Covid-19 cases increasing in some US states as they reopen

By Susana Samhan

Washington, May 21 (efe-epa).- All 50 US states have already taken measures to ease their coronavirus quarantine measures, but some of them – including Texas, Maryland and North Carolina – are seeing a resurgence in cases, although doubts exist about how those cases are being counted.

The US is the global center of the pandemic, with 1.5 million confirmed coronavirus cases so far and about 94,000 deaths, according to the ongoing unofficial tally being kept by The Johns Hopkins University.

According to figures from the state health department in Texas, one of the first states to resume economic activities, over the past two days there has been a spike in new coronavirus cases, with 1,219 being detected on Tuesday and 1,411 on Wednesday, compared with figures below 1,000 on the two previous days.

On Monday, Texas moved into a new phase in dealing with the coronavirus by easing certain restrictions on economic activities.

Maryland is another state showing a similar profile, with 1,208 new virus cases on Thursday, 777 on Wednesday and 1,784 on Tuesday, the latter being the largest number of daily cases reported in the state since the start of the pandemic.

Maryland remains under a state of emergency but last Friday afternoon some of the quarantine measures were lifted and now stores, hair salons and churches are reopening, albeit at only 50 percent capacity, as ordered by local authorities.

In like manner, North Carolina, which on Friday will enter into Phase Two of its reopening process, registered 738 new virus cases on Thursday, 422 on Wednesday and 677 on Tuesday, after experiencing what so far has been the peak in its daily new-case count last Saturday with 852 cases.

The local Raleigh News & Observer, citing official figures, emphasized that North Carolina is moving toward reopening its economy despite the fact that there are counties where the number of cases has shot up in the past two weeks, including Duplin County with 300 new cases, Guilford County with 400, Forsyth County with 428 and Wayne County with almost 200. In the latter two counties, infections have doubled within that time period.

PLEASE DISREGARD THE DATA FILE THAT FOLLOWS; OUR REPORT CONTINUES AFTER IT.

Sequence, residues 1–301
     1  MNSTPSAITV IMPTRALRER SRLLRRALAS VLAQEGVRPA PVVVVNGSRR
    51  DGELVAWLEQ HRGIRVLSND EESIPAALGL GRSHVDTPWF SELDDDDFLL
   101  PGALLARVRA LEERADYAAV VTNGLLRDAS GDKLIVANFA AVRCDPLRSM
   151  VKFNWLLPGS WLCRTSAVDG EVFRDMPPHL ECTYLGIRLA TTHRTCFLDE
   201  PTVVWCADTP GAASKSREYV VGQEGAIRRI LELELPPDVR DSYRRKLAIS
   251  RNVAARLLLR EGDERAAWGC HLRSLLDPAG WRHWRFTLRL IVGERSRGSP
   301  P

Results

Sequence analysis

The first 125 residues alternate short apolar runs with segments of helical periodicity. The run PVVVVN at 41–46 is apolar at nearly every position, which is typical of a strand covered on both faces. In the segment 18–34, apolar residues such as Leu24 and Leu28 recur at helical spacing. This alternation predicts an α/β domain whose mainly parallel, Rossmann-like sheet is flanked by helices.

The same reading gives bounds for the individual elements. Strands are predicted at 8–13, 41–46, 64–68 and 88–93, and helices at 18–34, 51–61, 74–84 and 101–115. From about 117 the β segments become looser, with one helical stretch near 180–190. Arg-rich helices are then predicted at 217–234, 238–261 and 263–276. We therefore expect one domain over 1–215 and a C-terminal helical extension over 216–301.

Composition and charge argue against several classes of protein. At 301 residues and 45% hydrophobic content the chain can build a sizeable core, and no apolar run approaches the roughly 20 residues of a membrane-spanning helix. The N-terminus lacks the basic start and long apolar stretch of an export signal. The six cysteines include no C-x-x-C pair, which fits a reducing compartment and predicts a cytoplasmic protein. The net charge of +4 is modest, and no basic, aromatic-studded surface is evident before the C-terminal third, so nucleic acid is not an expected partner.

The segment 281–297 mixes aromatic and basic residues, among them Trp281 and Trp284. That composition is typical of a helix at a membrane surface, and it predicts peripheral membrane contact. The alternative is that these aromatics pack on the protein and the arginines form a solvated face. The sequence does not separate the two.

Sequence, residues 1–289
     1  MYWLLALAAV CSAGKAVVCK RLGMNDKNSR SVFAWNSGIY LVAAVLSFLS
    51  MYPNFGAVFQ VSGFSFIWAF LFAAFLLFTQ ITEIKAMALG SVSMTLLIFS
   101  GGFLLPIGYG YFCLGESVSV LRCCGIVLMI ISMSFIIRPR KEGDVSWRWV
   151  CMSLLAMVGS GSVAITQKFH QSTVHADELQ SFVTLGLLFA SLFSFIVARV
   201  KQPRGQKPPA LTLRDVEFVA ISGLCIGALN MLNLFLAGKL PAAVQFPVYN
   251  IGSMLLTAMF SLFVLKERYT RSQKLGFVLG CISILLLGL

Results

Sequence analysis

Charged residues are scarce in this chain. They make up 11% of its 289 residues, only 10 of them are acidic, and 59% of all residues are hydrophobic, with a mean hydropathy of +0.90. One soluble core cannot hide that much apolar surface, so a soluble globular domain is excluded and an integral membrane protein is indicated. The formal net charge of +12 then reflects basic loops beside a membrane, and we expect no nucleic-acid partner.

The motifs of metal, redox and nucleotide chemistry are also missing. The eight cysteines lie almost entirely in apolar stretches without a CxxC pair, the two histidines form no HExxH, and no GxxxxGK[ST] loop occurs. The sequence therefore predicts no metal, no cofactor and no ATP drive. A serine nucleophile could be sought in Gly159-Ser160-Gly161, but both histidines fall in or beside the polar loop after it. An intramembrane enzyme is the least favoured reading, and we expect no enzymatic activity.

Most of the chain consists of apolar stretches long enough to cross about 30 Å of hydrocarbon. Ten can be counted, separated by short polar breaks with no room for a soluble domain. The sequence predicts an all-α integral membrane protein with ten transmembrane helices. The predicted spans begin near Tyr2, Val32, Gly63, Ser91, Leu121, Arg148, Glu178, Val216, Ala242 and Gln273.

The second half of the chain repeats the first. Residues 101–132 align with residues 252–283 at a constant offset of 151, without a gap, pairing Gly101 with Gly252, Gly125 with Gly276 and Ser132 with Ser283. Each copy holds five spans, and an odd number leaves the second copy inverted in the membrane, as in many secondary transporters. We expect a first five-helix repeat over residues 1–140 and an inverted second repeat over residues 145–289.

In the face of this increase, local authorities are saying that there are more cases being detected because there are more coronavirus tests being conducted.

The North Carolina Department of Health and Human Services said in a tweet that in recent hours the proportion of daily tests being conducted had doubled to an average of 8,000, while Texas has said that the increase in cases last weekend was due to the greater number of virus tests being carried out in meat processing plants.

Doing more testing is no guarantee that the data on new confirmed cases are reliable, since Texas, Georgia, Virginia and Vermont authorities have admitted that they are having problems along those lines which they have been trying to resolve in recent days.

According to CNN, health officials in those four states have been combining figures obtained for both diagnostic and antibody tests, which could be partially obscuring the true state of affairs regarding the spread of the virus.

In PCR diagnostic tests a testee’s mucus and/or saliva is checked to see if they are presently infected with the coronavirus, while in antibody testing a blood sample is used to verify whether the person was infected in the past and has now developed antibodies to the virus. If the results from the two tests are merged this can give imprecise results regarding when and how the virus is spreading in a certain area, the cable news channel said.

Combining the results of the two different kinds of testing could overstate the ability of a state to test and track active infections, and experts have consistently emphasized that states must be doing adequate testing and tracing if they are to reopen safely.

The Atlantic magazine on Thursday reported that the government’s Centers for Disease Control and Prevention (CDC) has admitted that it is using the same method: that is to say, combining the data from diagnostic and antibody tests, even though the two tests provide different information and are used for entirely different purposes.


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